Smartphones may be killing print in China, but they’re revolutionizing literature. Last year, 333 million Chinese read fiction written for their phones and other devices, according to government data. Some is written by hobbyists and some by professionals. Increasingly, though, it’s hard to tell the difference, as China’s “online literature” morphs into a $1.3 billion industry.
Investors have taken note. On Wednesday, China Literature Ltd., the country’s biggest online publisher, will go public in Hong Kong, with a market value expected to exceed $6 billion. Its success should put the rest of the publishing industry on notice that the future of the book is being written in China -- and it looks nothing like the past.
For decades, China’s publishing industry was dominated by government-owned companies that steered clear of subject matter that might cause controversy. Politics was just the most obvious topic. But sex, romance and violence -- the stuff of so much popular entertainment -- were also generally discouraged. Good books still managed to get published, but formal and informal restrictions severely inhibited creative expression.
Then the internet offered a back channel. In the late 1990s, authors began posting serialized novels to online forums and bulletin boards. It was an informal and largely uncensored way to publish, and some of the early books -- especially romances -- became sensations. Among other factors turning these early serials into hits were the online forums themselves. They were the social media of their time, and parallel commentaries and discussions organically sprung up around this new literature, becoming as much a part of the experience of reading as the story itself. In many cases, these commentaries influenced how the authors wrote, and thereby drew in even more readers eager to be a part of the story-making process.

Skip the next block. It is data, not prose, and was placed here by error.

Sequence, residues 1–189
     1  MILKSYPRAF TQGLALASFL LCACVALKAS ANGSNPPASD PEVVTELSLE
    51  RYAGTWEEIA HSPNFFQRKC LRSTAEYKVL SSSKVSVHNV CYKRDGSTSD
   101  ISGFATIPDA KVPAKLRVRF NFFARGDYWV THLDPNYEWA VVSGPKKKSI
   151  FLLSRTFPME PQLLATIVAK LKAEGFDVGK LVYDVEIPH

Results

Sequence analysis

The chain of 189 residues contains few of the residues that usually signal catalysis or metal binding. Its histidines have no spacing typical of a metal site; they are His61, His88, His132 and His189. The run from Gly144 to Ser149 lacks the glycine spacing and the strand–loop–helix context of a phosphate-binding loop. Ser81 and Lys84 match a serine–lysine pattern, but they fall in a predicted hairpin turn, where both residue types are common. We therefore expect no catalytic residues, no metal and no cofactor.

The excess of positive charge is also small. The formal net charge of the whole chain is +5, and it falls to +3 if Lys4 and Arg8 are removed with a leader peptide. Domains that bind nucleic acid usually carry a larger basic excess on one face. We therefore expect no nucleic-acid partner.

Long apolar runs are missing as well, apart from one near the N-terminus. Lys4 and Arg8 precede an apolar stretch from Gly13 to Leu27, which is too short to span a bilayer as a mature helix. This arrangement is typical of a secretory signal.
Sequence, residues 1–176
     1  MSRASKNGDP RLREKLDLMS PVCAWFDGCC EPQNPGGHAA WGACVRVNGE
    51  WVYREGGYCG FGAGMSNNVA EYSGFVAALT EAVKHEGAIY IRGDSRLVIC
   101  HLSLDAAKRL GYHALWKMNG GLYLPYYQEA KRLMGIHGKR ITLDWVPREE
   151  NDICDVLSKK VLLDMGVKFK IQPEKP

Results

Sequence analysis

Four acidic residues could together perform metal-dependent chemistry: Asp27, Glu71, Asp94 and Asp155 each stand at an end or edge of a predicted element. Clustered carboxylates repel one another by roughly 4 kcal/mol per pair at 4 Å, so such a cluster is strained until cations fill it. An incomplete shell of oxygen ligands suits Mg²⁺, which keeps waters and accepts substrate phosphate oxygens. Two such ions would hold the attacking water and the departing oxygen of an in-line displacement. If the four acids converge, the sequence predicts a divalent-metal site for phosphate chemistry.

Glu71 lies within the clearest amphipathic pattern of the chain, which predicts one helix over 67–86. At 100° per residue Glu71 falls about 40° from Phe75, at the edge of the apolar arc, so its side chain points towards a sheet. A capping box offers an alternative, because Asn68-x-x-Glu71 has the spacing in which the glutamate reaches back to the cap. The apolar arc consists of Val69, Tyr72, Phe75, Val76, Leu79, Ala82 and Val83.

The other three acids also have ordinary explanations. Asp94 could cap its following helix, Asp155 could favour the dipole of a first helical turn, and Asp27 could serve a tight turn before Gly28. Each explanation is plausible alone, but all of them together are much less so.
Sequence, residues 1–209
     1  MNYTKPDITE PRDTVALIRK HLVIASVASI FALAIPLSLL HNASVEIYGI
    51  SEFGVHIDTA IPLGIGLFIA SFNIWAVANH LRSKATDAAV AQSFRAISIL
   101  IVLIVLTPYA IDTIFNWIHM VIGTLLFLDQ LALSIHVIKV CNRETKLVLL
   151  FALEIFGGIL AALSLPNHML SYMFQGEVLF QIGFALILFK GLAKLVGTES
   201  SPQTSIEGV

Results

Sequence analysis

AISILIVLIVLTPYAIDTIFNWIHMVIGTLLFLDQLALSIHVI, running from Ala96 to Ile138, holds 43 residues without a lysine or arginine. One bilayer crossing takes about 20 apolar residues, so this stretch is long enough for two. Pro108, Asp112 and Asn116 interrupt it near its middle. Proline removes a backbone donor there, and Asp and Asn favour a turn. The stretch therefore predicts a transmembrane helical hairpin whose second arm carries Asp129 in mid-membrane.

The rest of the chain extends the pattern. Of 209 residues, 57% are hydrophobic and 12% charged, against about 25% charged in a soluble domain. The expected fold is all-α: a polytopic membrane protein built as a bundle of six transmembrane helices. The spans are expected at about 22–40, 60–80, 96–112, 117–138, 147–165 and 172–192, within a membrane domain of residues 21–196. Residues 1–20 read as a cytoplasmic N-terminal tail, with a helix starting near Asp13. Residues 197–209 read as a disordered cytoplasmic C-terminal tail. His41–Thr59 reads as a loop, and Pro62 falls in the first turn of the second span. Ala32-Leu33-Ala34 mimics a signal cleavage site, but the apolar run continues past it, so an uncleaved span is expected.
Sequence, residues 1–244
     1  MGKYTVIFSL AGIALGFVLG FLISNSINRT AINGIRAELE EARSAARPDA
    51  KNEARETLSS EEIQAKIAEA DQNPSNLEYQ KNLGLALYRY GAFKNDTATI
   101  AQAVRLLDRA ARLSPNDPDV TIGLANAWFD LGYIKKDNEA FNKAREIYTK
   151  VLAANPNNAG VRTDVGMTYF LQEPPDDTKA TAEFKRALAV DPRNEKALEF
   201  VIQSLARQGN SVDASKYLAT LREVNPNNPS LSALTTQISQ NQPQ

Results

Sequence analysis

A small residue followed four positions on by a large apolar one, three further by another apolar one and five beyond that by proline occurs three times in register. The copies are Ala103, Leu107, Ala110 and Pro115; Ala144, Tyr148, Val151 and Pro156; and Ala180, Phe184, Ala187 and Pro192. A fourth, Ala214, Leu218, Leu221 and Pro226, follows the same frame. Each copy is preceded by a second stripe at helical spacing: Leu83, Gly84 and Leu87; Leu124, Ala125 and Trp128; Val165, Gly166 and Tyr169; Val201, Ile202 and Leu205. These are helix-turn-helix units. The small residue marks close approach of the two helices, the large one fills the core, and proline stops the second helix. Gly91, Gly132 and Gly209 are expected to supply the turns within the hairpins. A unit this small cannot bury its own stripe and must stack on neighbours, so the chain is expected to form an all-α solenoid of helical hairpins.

With the rise of social networks and the rapid proliferation of mobile phones in China, online serials became a full-blown phenomenon. In 2011, two well-regarded serials, “Empress in the Palace,” which recounts life in China’s imperial harem, and “Scarlet Heart,” a time-traveling drama, became national hits. Since 2012, the online literature market has been growing by more than 20 percent a year.
For all their popularity, though, the serials didn’t immediately make much money. Some publishers tried paywalls. Others tried selling advertising and accepting micropayments. None were quite successful. In recent years, though, some entrepreneurs have hit on a new way of thinking about serials -- as an entertainment industrial chain that happens to start online.
That chain now includes films, television, games ... and even printed books. In 2015, “The Journey of Flower,” a martial-arts fantasy serial by Fresh Guo Guo, was spun off into a hit video game and online TV series. Another serial, “The Ghouls,” became the ninth highest-grossing film in Chinese history, having been read millions of times online and in print. Since then, storylines from the series have inspired other films and a popular TV mini-series. Zhang Wei, China’s bestselling online author, made $16.8 million in 2015 -- only 2 or 3 percent of which came from people paying directly for his online literature.
Investors are betting on more successes ahead. China’s biggest technology companies -- including Alibaba Group Holding, Baidu and Tencent Holdings -- have all invested in platforms intended to attract talented writers and turn their work into multimedia franchises. Zhang, who started out writing for free online, put it succinctly in an interview last year: “My goal is to make a big franchise like Disney. Disney has a lot of characters whose popularity is reinforced through movies and cartoons.”
China’s entertainment companies are hoping that, sooner or later, someone now writing free stories for smartphones will become the Chinese J.K. Rowling. And with 6.4 million authors and 9.6 million works on offer, China Literature is a good place to start looking. That makes it the rare opportunity to bet on China’s grassroots directly. For authors and investors alike, that’s almost certainly a future bestseller.
By Adam Minter
Adam Minter is a Bloomberg View columnist. -- Ed.